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3 March 2014

WASHINGTON, D.C.—The Philippines remains supportive of immigration reform efforts in the United States as this provides a chance for Filipino migrants to not only chart a better future for themselves but also to contribute to Philippine and American societies, the country’s top diplomat in Washington said.

“We want all Filipino migrants to have a chance to be able to chart for themselves a future that is not thwarted by fear of impediments but rather emboldened by opportunities that exist for any lawful member of American society,” Ambassador Jose L. Cuisia, Jr. told an immigration reform conference organized by graduate students of the Georgetown University McCourt School of Public Policy.

The conference examined the economic, international and political perspectives and consequences of immigration reform and featured as panelists leading immigration advocates, international dignitaries, economic policy experts and the ambassadors of El Salvador, Mexico and the Philippines.

“An increase in the number of Filipinos with legal status is very important as it will lessen the psychological burden and improve the economic standing of Filipino migrants, allowing them to contribute more productively to both Philippine and American societies,” Cuisia said as he reiterated his support for a legislative measure on immigration reform.

The major features of the legislative proposal that would impact on most Filipinos include the adjustment from unlawful to legal status; the establishment of a merit-based system; the elimination of backlog for family and employment-based immigrants; the increase in the number of H-1B visas to be issued; the establishment of a new non-immigrant W-visa; and the proposal for undocumented farm workers obtaining legal status through the agricultural card program.

In addition, Ambassador Cuisia said the Philippines is also supporting calls for the designation of the country under Temporary Protected Status (TPS) following the devastation caused by Typhoon Haiyan. It is also encouraging Filipinos to avail themselves of the Deferred Action for Childhood Arrivals (DACA) program. Both programs would allow undocumented Filipinos the chance to stay and work temporarily in the US.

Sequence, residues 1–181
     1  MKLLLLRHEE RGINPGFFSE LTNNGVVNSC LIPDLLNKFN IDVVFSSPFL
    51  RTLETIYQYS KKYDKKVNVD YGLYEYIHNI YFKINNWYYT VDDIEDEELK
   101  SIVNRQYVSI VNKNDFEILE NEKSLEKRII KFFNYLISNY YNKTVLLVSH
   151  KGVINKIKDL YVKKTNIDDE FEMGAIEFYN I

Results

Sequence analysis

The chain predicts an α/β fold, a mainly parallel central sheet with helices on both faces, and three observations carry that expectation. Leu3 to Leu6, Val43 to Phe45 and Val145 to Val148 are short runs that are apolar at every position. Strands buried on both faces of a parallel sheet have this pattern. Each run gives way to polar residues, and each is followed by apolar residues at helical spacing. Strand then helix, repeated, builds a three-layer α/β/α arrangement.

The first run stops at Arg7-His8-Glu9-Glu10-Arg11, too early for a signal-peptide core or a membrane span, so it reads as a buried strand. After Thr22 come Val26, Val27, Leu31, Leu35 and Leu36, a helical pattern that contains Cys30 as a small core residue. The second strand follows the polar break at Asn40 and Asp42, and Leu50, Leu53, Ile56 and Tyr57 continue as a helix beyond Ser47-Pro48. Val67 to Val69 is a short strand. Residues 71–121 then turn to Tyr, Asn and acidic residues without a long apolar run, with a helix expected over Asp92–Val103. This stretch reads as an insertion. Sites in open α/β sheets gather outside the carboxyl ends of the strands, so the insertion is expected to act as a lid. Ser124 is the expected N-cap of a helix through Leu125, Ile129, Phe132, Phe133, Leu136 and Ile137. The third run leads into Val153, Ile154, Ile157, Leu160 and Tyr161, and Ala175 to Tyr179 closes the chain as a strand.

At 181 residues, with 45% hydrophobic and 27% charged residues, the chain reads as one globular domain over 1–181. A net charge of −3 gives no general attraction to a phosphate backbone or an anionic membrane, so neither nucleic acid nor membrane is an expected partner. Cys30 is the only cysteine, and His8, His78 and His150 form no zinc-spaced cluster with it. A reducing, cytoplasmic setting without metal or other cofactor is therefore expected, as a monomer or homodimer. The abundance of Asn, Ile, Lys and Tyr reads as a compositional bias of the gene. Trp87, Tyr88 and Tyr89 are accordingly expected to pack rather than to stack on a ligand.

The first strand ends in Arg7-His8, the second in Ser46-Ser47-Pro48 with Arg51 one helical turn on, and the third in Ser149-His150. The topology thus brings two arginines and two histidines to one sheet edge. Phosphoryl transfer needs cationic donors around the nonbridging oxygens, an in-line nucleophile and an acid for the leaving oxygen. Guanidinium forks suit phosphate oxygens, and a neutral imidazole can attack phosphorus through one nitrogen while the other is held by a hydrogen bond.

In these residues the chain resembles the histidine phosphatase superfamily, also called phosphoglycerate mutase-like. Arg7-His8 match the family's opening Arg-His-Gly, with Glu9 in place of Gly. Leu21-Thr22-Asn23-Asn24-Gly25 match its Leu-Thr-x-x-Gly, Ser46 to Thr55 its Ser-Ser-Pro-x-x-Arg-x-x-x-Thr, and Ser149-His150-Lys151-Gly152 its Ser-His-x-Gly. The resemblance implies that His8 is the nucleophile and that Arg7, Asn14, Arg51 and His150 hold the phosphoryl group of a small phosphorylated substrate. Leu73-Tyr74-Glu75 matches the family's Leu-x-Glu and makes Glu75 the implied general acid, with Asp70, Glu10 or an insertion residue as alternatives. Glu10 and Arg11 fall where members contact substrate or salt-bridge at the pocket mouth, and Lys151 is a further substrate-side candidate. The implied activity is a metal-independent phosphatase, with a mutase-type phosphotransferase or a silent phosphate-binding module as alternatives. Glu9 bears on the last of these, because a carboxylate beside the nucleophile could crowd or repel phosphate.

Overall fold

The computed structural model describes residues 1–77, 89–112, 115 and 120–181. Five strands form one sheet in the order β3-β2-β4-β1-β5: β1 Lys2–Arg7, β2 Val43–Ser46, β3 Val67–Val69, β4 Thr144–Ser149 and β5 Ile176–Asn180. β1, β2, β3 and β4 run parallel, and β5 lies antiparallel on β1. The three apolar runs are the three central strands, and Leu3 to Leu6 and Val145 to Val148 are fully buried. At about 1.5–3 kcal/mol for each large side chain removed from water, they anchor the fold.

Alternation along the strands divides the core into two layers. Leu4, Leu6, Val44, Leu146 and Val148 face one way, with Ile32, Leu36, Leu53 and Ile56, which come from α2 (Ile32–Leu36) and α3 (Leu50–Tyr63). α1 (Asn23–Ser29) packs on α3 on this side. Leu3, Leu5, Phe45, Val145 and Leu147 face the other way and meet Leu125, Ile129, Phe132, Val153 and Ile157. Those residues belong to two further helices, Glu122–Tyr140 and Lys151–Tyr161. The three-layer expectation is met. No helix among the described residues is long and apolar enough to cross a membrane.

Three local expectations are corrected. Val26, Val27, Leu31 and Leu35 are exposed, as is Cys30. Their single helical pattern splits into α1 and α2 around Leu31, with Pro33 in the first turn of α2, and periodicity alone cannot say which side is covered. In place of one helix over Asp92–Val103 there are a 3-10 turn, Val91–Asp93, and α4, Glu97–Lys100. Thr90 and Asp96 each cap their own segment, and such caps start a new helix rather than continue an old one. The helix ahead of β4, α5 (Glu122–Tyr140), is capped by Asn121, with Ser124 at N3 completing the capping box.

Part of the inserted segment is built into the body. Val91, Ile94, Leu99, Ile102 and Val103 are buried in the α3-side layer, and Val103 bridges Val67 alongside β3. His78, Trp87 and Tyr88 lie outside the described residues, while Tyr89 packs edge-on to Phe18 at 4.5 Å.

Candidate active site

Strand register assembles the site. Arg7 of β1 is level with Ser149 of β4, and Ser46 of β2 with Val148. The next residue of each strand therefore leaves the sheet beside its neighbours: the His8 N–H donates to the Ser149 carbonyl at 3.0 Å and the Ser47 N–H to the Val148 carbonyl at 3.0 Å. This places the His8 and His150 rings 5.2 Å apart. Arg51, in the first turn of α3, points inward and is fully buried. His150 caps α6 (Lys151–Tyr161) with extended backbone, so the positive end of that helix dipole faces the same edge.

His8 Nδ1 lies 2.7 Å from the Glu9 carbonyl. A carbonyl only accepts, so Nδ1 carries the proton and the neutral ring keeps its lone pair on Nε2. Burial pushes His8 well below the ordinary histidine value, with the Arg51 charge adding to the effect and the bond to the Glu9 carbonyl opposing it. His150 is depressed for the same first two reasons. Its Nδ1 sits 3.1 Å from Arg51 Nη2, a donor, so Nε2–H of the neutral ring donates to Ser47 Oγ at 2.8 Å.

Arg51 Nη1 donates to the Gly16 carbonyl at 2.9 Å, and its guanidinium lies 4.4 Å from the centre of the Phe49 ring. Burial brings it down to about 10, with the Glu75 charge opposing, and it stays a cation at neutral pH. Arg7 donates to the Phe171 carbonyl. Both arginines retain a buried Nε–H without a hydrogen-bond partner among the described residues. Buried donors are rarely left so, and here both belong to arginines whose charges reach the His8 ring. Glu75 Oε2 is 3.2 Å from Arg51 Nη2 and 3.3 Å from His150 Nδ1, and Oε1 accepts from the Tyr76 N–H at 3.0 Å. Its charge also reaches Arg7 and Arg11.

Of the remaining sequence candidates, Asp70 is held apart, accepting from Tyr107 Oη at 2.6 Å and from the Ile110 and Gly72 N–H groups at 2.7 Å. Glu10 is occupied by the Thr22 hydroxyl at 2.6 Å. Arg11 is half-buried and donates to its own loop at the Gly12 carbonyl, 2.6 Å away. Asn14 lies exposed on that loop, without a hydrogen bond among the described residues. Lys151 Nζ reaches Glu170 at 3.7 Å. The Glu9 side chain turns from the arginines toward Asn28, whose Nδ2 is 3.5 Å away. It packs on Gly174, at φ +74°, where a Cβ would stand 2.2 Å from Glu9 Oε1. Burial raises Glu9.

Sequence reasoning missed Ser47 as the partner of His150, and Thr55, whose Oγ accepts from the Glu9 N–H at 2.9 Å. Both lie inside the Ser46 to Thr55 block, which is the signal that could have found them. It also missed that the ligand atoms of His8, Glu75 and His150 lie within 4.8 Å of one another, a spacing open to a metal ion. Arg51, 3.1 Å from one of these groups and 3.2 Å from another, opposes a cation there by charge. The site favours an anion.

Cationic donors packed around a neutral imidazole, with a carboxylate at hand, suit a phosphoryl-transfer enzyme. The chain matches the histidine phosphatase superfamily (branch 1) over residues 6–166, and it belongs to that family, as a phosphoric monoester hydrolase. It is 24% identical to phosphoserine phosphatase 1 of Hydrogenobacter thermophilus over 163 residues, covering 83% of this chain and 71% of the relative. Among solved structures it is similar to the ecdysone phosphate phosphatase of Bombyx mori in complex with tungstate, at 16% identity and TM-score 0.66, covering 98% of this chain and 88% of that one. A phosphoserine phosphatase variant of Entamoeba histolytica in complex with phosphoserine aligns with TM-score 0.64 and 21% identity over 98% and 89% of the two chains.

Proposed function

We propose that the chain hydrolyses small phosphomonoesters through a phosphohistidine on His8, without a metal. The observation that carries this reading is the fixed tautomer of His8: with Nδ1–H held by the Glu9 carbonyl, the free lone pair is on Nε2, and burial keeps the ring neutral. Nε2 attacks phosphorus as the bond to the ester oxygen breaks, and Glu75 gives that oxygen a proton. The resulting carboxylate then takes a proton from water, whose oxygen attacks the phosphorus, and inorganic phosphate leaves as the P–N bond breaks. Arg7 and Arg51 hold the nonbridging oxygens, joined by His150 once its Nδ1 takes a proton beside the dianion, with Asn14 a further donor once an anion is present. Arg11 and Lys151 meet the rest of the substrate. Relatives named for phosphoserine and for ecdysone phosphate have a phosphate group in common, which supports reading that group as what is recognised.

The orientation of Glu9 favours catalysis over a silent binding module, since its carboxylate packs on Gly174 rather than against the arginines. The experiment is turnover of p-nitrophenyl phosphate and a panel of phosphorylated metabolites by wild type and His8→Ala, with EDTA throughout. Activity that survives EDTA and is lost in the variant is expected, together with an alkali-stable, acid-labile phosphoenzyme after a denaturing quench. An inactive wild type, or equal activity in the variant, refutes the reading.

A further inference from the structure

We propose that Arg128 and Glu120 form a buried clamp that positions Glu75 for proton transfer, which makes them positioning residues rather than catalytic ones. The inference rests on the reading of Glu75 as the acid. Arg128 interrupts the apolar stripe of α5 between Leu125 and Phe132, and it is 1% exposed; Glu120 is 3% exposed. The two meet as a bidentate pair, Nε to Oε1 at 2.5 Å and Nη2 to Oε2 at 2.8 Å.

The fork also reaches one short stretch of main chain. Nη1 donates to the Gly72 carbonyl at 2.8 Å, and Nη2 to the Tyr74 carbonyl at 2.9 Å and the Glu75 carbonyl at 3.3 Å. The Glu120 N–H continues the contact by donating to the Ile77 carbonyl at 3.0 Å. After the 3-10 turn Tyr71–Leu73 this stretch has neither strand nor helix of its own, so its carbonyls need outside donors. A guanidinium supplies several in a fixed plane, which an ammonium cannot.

“The vision of the Aquino administration is to be able to create employment for Filipinos so that they do not have to leave the country in order to provide for their families,” Ambassador Cuisia said.

“The Philippine Government looks forward to the day when the Filipino people will not have to leave their country out of necessity and for prolonged periods of time; when the pressure to emigrate will no longer be as much as it was in the past,” he said.

In his remarks, Ambassador Cuisia highlighted the contribution of Filipino migrants to the US economy, from the first wave of migrants during the American colonization of the Philippines to the post-World War II period up to the 1970s.

“Two factors encouraged Filipinos to emigrate: the enactment of labor laws back home that promoted better protection for our overseas workers, and the mandate given to Philippine government agencies to facilitate the deployment of workers. Thus, Filipinos in the US grew from 340,000 in 1970 to 780,000 in 1980 to 1,407,000 in 1990,” Ambassador Cuisia told conference participants.

According to the US Census of 2010, the Filipino population in the US grew 38 percent from 1.8 million in 2000 to 2.5 million in 2010. The population of mixed-race Filipinos, increased 44.5 percent from 2.4 million in 2000 to 3.4 million in 2010. The top 10 states with the largest concentrations of Filipinos are California, Hawaii, Illinois, Texas, Washington, New Jersey, New York, Nevada, Florida and Virginia.

Ambassador Cuisia said the protection of the rights and welfare of the Filipinos abroad is a major pillar of Philippine Foreign Policy. He talked about the realities experienced byFilipino migrants and the role the government plays to protect their welfare.

“Since the Philippines is a democracy, we cannot, and do not, prevent any of our citizens from taking up jobs outside the country. We have no policies that either promote or deter immigration to the US. The policy of the state is to allow our citizens to exercise their freedom to live and work where they like,” said Ambassador Cuisia.

“Migration is clearly an economic force that has a powerful positive impact on the economy. It has significantly reduced unemployment and raised the standard of living for many families in the Philippines,” he pointed out.

“Worker remittances have buoyed up the Philippine economy in times of international financial crises. In recognition of this reality, the Philippine government’s imperative is to ensure that the rights and welfare of the Filipinos abroad are protected and that the necessary assistance needed is available to them anywhere in the world,” Cuisia added.###

3 March 2014

3 March 2014

Immigration reform.
Ambassador Jose L. Cuisia, Jr. addresses participants of the Forum on Immigration Reform hosted by the Georgetown University McCourt School of Public Policy on 28 February 2014 at the US Capitol Building.